Pink gender timeline
Many shades of pink
Gender of colors
PINK BOYS (See also PRINCESS BOYS & PINK PRINCESS)
PINK BOY PARENTS
PINKIFICATION OF GIRL CULTURE
A PINK PRINCESS tends to like princesses, fairies and pink, sparkly things. Anyone can be a PINK PRINCESS, despite the fact that the term PRINCESS tends to be used for children assigned as girls at birth, even for those girls who don’t like to be a princess.
Until recently the princess was an occasional rather than an everyday figure in girls’ lives —despite claims that girls’ princess play is natural and timeless. Forman-Brunel and Eaton’s American history of princess play (2009) shows that the figure of the princess absorbs a range of girlhood ideals, thereby reconciling the contradictory notions about what it means to be a girl in contemporary society. Indeed, ever since Disney’s first Cinderella (short) film in 1922, Disney fairy tales, particularly Cinderella and Snow White, grappled with the changing roles of girls in society, anxiously attempting to secure and regulate frugality, subservience and other girlhood ideals.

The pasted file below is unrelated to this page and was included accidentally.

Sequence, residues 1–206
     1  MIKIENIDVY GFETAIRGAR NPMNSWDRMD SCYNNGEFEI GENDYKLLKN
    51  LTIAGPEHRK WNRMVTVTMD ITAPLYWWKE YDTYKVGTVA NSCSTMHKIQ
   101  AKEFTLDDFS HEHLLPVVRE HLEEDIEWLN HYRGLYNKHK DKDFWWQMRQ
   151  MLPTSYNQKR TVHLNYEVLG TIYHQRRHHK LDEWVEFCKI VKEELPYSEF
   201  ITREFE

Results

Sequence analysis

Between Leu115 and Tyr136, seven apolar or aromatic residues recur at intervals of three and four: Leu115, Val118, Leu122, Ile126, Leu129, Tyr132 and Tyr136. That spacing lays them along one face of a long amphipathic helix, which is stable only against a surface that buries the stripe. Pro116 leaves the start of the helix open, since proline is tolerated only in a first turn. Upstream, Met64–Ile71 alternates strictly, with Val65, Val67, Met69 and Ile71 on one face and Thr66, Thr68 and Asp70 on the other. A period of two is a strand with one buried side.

Peggy Orenstein, author of Cinderella Ate My Daughter (2010), argues that Disney Princess, the four billion franchise of the „Disney’s empire of consumption,“ continues along this path. She is convinced that the Disney Princess, is in no small measure responsible for the increased commercialization and sexualization of childhood. Disney Princess, so Orenstein, demonstrates how the two phenomena, commercialization and sexualization, go hand in hand.
“I think of the idea of the princess tieing [sic] in with the vision of the daughter as the ‘ornament’ of the home. As there are fewer children, and the daughter becomes what the home produces, father and mother both become invested in her perfection.”
--Ellen Tucker Emerson (1982 [1839-1909]) The Letters of Ellen Tucker Emerson; also cited in Miriam Forman-Brunell and Julie Eaton (2009) ‘The Graceful and Gritty Princess. Managing Notions of Girlhood from the New Nation to the New Millennium,’ The American Journal of Play 1 (3), p. 342.
© 2013 by DOMINIQUE GRISARD. All rights reserved.
Power of color